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The Independent Pharmacy Good

Reports


Inspection carried out on 20 June 2019

During a routine inspection

Letter from the Chief Inspector of General Practice

We rated this service as Good overall. (Previous inspection January 2018 – the service was not rated but was found to be providing care in accordance with the relevant regulations).

The key questions are rated as:

Are services safe? – Good

Are services effective? – Good

Are services caring? – Good

Are services responsive? – Good

Are services well-led? – Good

We carried out an announced comprehensive inspection at The Independent Pharmacy on 20 June 2019 under Section 60 of the Health and Social Care Act 2008 as part of our regulatory functions. This inspection was planned to check whether The Independent Pharmacy was meeting the legal requirements and regulations associated with the Health and Social Care Act 2008 and to provide a rating for the service.

The Independent Pharmacy is an online service providing patients with prescriptions for medicines that they can obtain from the provider’s registered pharmacy (which we do not regulate). The service issues prescriptions for an average of 3500 items per month.

At this inspection we found:

  • The service had systems to manage risk so that safety incidents were less likely to happen. When they did happen, the service learned from them and improved their processes.
  • The service routinely reviewed the effectiveness and appropriateness of the care it provided. It ensured that care and treatment was delivered according to evidence- based guidelines.
  • Staff involved and treated people with compassion, kindness, dignity and respect.
  • Patients could access care and treatment from the service within an appropriate timescale for their needs.
  • There was a strong focus on continuous learning and improvement at all levels of the organisation.

The areas where the provider should make improvements are:

  • Improve risks assessments so patients are referred to their own registered NHS GP following regular dermatological treatment.
  • Review the Clinical leadership so staff in this role are clear on their areas of responsibility and have up to date information.
  • Review information given to patients when prescribing medicines off label so they understand who is liable should anything go wrong. Medicines are given licences after trials which show they are safe and effective for treating a particular condition. Use for a different medical condition is called off label use and is a higher risk because less information is available about the benefits and potential risks
  • Identify ways to improve attendance at clinical meetings.

Dr Rosie Benneyworth BM BS BMedSci MRCGP

Chief Inspector of Primary Medical Services and Integrated Care

Inspection carried out on 10 January 2018

During an inspection to make sure that the improvements required had been made

Letter from the Chief Inspector of General Practice

The Independent Pharmacy is an online service providing patients with prescriptions for medicines that they can obtain from the provider’s registered pharmacy (which we do not regulate).

We carried out an announced focussed follow up inspection at The Independent Pharmacy on 10 January 2018. We had previously carried out an announced comprehensive inspection on the 25 April 2017 where we found that the provider did not provide safe, effective and well-led services in accordance with the relevant regulations. We did however find that the provider delivered caring and responsive services in accordance with the relevant regulations. We also carried out an announced focused responsive inspection on the 17 October 2017 in response to concerns we received from another regulatory body. At that time we found the provider was working through a plan in relation to the actions we had told them they needed to take and had made a number of improvements. The full comprehensive report on 25 April 2017 and the focused responsive report on 17 October 2017 inspections can be found by selecting the ‘all reports’ link for The Independent Pharmacy on our website at www.cqc.org.uk.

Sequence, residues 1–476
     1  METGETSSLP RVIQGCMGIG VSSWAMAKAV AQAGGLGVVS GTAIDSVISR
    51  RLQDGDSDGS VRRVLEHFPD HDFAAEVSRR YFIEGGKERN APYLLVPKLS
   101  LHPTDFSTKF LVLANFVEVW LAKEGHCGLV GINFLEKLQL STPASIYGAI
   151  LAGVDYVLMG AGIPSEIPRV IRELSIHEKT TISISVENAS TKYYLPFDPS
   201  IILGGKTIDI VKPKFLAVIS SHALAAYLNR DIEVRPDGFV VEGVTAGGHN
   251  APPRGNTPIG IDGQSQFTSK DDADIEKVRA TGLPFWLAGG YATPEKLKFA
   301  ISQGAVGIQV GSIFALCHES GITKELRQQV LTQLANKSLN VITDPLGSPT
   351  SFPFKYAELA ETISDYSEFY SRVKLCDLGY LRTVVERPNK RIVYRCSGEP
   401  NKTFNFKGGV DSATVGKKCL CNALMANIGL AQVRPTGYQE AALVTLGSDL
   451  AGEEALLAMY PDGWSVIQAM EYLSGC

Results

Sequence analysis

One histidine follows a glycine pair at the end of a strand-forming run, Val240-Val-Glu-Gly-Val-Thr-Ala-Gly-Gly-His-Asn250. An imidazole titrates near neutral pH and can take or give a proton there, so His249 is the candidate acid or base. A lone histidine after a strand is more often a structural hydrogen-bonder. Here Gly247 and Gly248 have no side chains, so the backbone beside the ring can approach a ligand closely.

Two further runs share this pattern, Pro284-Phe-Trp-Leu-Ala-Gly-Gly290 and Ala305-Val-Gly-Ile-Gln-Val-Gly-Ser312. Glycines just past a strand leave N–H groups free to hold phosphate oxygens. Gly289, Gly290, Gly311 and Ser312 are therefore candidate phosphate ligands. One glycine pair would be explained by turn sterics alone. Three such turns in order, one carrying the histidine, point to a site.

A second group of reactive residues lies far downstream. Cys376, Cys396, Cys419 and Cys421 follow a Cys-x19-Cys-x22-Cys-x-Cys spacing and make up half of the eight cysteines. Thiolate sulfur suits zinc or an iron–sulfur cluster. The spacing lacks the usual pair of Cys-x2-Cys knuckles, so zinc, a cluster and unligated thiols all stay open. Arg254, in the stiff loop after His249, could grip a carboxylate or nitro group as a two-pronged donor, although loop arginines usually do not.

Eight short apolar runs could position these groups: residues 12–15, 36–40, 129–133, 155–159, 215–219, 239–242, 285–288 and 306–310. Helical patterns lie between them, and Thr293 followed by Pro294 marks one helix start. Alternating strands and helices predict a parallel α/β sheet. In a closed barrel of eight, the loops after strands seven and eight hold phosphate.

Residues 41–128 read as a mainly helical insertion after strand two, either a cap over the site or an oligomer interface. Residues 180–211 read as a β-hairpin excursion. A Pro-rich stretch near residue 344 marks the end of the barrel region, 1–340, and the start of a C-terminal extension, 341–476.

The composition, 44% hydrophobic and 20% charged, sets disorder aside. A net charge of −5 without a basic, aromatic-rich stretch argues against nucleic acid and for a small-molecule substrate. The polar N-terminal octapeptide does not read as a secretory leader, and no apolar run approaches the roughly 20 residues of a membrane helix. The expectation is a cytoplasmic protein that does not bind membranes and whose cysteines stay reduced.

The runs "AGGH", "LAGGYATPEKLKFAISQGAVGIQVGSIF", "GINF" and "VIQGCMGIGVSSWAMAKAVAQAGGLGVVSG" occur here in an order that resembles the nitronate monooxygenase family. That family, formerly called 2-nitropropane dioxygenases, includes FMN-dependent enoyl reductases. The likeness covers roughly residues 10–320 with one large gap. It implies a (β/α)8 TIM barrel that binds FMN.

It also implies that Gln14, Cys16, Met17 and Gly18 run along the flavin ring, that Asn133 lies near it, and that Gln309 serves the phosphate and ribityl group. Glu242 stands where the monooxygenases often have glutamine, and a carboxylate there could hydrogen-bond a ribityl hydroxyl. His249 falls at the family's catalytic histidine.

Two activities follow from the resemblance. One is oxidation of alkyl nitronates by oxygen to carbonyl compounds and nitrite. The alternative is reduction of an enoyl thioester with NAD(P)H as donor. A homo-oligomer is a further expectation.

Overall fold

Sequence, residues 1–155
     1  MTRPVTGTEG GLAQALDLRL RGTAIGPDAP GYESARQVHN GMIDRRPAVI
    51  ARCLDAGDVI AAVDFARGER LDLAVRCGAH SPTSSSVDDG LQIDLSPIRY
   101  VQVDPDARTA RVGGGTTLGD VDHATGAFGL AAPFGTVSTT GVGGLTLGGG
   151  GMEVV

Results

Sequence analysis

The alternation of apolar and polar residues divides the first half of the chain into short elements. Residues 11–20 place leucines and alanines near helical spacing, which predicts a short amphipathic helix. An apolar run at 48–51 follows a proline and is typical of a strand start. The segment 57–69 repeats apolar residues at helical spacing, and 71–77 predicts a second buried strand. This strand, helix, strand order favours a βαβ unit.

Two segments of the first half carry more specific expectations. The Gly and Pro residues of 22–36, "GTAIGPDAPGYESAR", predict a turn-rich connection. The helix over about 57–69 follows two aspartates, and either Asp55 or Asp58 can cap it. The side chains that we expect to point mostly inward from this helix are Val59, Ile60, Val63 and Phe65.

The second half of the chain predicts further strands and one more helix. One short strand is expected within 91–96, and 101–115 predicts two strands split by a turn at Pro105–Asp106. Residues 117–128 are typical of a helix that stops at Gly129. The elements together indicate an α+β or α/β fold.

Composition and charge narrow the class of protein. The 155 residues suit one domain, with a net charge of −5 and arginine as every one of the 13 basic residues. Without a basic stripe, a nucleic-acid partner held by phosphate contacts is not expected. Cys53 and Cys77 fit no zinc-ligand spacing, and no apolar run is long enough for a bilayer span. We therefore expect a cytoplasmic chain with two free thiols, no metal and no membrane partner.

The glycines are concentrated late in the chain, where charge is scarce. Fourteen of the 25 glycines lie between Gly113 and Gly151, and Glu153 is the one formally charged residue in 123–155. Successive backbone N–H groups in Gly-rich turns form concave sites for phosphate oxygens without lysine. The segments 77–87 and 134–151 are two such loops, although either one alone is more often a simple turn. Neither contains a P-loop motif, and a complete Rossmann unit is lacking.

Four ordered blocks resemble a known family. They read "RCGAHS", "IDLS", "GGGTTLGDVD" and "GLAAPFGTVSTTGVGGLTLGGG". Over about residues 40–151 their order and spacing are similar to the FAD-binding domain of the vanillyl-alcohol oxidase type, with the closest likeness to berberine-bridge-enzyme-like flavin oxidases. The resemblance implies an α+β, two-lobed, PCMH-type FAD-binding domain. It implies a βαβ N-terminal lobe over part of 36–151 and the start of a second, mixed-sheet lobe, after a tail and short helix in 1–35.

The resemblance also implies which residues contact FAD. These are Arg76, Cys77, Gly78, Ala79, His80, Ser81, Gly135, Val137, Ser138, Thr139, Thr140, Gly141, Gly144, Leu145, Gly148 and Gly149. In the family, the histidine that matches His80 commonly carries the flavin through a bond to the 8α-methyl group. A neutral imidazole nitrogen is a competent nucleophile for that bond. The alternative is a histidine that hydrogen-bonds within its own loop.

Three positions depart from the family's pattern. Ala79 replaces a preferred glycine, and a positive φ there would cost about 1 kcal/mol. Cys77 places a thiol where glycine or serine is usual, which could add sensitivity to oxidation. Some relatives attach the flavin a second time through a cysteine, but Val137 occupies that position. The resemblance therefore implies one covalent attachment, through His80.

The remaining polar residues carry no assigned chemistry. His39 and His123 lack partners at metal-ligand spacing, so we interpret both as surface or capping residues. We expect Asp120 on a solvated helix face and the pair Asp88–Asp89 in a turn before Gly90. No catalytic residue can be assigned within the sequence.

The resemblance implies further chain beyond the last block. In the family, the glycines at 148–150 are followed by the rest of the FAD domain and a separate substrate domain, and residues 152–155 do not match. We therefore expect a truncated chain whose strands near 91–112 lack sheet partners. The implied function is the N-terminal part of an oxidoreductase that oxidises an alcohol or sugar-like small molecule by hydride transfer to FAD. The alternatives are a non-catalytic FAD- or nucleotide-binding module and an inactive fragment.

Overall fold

This Inspection was carried out to follow up on breaches of regulations identified at our previous comprehensive inspection on the 25 April 2017. We inspected the safe, effective and well-led key questions.

Our findings in relation to the key questions are as follows:

Safe – we found the service was providing a safe service in accordance with the relevant regulations.

Specifically:

  • Suitable numbers of staff were employed, appropriately recruited and had received training appropriate to their role.
  • Risks were assessed and action taken to mitigate any risks identified.
  • Systems were implemented to ensure learning from safety incidents, including significant incidents and safeguarding, were shared with all staff at monthly meetings.
  • We found patients were prescribed a range of medicines. There were systems in place to ensure that excessive amounts of medicines were not supplied and prescriptions were not issued if the service had any concerns for the safety of the patients.

Effective - we found the service was providing an effective service in accordance with the relevant regulations.

Specifically:

  • Arrangements for patient consultations were effective and information was now shared with a patient’s own GP in line with GMC guidance.
  • Staff had now received the appropriate training to carry out their role.

Well-led - we found the service was providing a well-led service in accordance with the relevant regulations.

Specifically:

  • The service had clear leadership and governance structures.
  • Policies and procedures had been reviewed and all staff had access to these.
  • Systems and processes had been implemented and embedded in the service to ensure patients were kept safe.

The areas where the provider should make improvements are:

  • Monitor improvements made to assess their effectiveness and ensure ongoing quality improvement.

We saw one area of notable practice:

  • The service provided a testing service for sexually transmitted infections and where patients tested positive, systems were in place to advise patients on the most suitable service available to them to seek further help, such as injectable antibiotics, near their home address. Patients who tested negative but were experiencing symptoms of sexually transmitted infections were referred to their own GP or nearest sexual health clinic.

Professor Steve Field CBE FRCP FFPH FRCGP

Chief Inspector of General Practice

Inspection carried out on 17 October 2017

During an inspection to make sure that the improvements required had been made